Decision-Making Navigation Tool - A Project
Five steps to a reflected decision
Since the start of the project in 2017, the decision navigator has been continuously improved and developed. The path to a reflected decision consists of five steps:
In the first step, the decision question is formulated proactively. In doing so, it is helpful to avoid simple yes-or-no questions and instead resort to open-ended W-questions to allow greater freedom in decision-making.
The second step is to formulate the fundamental goals of the decision. Fundamental goals are overarching values, which sometimes cannot be easily identified directly but require some thought. It can be purposeful to ask oneself the question "Why?" repeatedly in order to formulate the fundamental goals.
In the next step, the decision maker gives him-/herself an overview about all possible courses of action. Since it can sometimes be difficult to identify all possible courses of action, the decision navigator offers various brainstorming methods that are intended to act as a stimulus for thinking about new and creative courses of action.
The fourth step is to assess the impact of the decision. The decision navigator clarifies possible bias errors that may occur when reflecting on the impact of decisions.
In the last step, the alternative actions are to be evaluated with the help of the subjective benefits and the weighting of the fundamental goals. In addition, the decision navigator offers extensive sensitivity analyses, pro and con comparisons and robustness tests. At the same time, the intuitive gut feeling is given a special place in the last step, which is why deviations of the analytical result from the gut feeling are to be recognized and corrected under certain circumstances. Only then, the consistent implementation of the decision takes place.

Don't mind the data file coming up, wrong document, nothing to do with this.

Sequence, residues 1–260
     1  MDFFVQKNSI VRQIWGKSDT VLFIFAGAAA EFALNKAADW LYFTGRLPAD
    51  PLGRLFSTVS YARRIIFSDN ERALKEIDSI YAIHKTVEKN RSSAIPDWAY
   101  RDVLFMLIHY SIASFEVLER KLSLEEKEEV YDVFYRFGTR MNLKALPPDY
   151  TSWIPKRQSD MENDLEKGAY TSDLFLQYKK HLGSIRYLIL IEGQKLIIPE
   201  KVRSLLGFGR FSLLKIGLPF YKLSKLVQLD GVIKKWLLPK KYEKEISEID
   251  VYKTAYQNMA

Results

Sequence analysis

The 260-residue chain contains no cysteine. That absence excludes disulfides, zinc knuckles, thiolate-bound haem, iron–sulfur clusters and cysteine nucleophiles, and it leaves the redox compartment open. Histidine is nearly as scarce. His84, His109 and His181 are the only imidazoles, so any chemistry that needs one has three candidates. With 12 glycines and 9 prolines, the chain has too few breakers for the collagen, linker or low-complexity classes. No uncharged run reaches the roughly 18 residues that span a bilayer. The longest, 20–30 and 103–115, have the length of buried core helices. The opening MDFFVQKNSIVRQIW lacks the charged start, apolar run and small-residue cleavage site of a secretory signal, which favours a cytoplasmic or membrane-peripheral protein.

Application in society and politics
The decision navigator has already found application in social and political issues. Tim Höfer from the E.ON Energy Research Center evaluated various possible courses of action for the energy turnaround with the help of the decision navigator as part of the Kopernikus project ENSURE and was ultimately able to implement his reflected decision.
RWTH students are also encouraged to use the Decision Navigator in project modules of the Decision Theory and Financial Services Group and to tackle various social or political projects. A current project is working on a check of parties for the 2021 federal election. The development of a new voting advice application will enable voters to compare their weighting of their own goals with the fundamental goals of the parties.
Online Pathfinder for Carefully Considered Decision-Making
Lots of people find it difficult to make decisions. But sometimes there are situations where you simply have to make a decision - either because it is impossible to put it off any longer or because it wouldn't make sense to do so. Prof. Rüdiger von Nitzsch and his team at RWTH Aachen University have developed an innovative tool which will not only help students in the lecture on "Decision Theory" to understand what decision making is all about; it will also be available online for anbody else who is looking for help because they face soon having to make an important decision. Please visit www.entscheidungsnavi.de.WDR television reported on the project in their program "Lokalzeit".
You can also read about the latest developments and other articles on the tool in the relevant Blog
Now the magazine Wir Westerwälder made the topic decisions in the current expenditure (expenditure 17, 12/2020) the core topic and presented the Decision-Making Navigation Tool. The magazine also referred to the new book "Reflektiert entscheiden - Kompetent mit Kopf und Bauch" by Rüdiger von Nitzsch and Florian Methling, who present methods that will support you in decision-making in the future. They also advocate a combination of intuitive and rational decision-making.